The Hindustan Times reported on Thursday that two customised Boeing-777 jets—meant to carry the prime minister, president and vice-president—will reach India by the end of September. The publication reported that the first Boeing-777 will reach by August-end, followed by the second one a month later.
These aircraft were purchased by the government from Air India, which operated them for less than three years. Last year, the US government approved a $190 million contract to upgrade these jets with missile-defence systems to protect them from both radar-guided and infra-red-guided (also known as heat-seeking) missiles. The aircraft are being converted to VVIP configuration at a Boeing facility in Dallas.
The Boeing-777 will be equipped with conference rooms, extensive communication equipment and would have the range to fly from India to the US without landing for refuelling. Referred to as 'Air India One', the two Boeing-777 jets will replace Boeing-747 jets of Air India that were being used for transporting the three senior-most officials on overseas trips.
Boeing has sold VVIP jets to many countries, including, most well known of all, the Boeing-747 that uses the 'Air Force One' call sign when carrying the US president. In 2015, the US Air Force selected an upgraded version of the Boeing-747 as the next presidential aircraft.
Less well-known is the fact that a Boeing VVIP jet was once embroiled in a scandal. In January 2002, media outlets reported that China had found listening devices on a Boeing-767 aircraft that had been customised for transporting then Chinese president Jiang Zemin. China had purchased the Boeing-767 aircraft in June 2000 for $120 million; the aircraft was originally meant for a Chinese airline. The aircraft was customised by US companies in San Antonio.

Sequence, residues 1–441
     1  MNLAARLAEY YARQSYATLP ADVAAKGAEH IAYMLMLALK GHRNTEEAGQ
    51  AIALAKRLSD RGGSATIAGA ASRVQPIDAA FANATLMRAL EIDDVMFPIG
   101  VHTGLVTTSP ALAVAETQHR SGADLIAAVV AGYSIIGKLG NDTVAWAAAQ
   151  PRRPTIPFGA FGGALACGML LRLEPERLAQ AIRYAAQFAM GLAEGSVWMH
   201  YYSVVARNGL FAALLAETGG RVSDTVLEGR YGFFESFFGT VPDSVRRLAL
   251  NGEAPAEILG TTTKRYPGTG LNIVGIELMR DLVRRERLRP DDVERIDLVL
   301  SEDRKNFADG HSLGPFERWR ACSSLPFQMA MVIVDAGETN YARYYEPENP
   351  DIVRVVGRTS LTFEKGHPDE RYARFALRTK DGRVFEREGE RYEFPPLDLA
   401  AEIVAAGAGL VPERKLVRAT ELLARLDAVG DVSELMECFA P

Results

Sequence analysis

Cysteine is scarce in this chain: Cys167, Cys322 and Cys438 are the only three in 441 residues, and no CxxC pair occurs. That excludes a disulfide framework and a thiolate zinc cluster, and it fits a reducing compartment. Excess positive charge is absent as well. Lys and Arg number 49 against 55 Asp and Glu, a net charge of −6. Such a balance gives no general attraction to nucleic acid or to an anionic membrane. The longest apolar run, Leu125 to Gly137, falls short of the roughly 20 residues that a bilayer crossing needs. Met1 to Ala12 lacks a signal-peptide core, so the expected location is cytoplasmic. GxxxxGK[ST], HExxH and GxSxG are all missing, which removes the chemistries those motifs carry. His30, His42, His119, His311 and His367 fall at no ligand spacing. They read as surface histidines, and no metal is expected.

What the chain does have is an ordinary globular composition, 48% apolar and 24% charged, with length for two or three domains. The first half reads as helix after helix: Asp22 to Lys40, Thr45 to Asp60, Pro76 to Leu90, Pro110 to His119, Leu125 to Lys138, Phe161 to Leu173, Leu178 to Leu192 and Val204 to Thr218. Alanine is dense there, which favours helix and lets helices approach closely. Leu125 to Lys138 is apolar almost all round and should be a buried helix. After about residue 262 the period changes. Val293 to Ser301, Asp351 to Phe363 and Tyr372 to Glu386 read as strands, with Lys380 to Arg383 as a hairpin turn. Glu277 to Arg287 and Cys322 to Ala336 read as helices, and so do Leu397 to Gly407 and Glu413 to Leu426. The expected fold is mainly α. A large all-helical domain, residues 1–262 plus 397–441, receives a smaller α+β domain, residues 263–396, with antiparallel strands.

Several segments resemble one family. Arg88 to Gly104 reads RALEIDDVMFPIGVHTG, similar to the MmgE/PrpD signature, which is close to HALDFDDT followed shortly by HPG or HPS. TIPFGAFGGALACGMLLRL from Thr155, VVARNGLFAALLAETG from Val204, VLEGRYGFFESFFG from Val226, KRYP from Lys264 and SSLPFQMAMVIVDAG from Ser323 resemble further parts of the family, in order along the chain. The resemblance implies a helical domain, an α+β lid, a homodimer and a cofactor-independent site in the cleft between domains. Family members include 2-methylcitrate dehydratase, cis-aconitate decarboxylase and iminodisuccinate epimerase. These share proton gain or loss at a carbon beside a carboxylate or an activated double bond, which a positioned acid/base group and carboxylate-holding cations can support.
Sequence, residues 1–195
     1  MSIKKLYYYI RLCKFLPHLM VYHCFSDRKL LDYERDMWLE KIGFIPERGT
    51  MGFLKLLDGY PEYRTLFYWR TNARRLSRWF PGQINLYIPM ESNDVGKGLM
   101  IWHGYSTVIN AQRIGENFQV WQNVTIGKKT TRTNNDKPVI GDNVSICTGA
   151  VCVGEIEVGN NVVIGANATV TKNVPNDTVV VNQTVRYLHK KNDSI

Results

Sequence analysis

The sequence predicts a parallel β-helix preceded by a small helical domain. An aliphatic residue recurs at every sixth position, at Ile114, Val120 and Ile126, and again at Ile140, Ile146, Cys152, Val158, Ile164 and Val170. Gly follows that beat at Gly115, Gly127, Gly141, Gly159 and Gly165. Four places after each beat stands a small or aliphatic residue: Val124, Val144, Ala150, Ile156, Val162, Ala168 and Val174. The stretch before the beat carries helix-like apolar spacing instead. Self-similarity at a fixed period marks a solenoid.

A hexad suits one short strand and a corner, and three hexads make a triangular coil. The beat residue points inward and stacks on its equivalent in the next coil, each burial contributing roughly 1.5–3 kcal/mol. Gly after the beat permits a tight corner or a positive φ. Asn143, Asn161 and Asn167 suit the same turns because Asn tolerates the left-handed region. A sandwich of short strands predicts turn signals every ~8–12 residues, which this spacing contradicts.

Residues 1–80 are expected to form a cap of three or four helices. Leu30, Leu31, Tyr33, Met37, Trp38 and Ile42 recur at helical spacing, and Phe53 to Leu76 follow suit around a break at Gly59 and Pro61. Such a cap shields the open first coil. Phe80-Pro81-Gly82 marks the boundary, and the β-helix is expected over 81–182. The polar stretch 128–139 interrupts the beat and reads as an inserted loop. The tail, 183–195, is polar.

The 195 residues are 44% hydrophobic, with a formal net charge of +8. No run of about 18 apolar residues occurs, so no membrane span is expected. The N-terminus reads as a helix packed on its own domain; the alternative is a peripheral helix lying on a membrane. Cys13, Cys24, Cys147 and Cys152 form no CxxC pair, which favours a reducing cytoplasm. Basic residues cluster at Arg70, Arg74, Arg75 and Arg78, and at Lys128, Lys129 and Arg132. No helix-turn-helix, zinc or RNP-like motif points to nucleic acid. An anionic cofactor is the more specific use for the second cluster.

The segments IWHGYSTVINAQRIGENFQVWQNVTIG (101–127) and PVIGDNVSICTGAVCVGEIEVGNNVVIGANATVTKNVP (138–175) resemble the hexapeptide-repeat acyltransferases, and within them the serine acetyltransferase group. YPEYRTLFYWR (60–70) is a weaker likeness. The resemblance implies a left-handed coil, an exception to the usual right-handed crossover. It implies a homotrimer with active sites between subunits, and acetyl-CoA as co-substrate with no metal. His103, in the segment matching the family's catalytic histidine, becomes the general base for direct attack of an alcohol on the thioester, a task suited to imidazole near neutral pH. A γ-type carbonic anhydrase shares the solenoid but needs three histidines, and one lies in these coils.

At the time, The Washington Post reported, "The Chinese source said that, to date, 27 listening devices had been found, including devices in the presidential bathroom and in the headboard of the presidential bed." The publication quoted officials as saying the devices were highly sophisticated and they "had to be triggered by a satellite communication".
At the time, China detained around 20 officials of its air force who were involved in negotiations for the Boeing-767 VVIP jet. The Chinese government reportedly sold off the jet for passenger use.
In 2003, The New York Times reported the US National Security Agency had masterminded the bugging of the Boeing-767. “The National Security Agency, the supersecret eavesdropping agency, working with the Federal Bureau of Investigation and other intelligence organizations, led an operation to plant bugs in a Boeing-767 used by the president of China while it was in the United States for refitting,” The New York Times reported.
However, China did not give much publicity to the scandal and has continued to use Boeing aircraft for VVIP use. Current President Xi Jinping, for instance, uses a Boeing-747 of Air China for some international trips.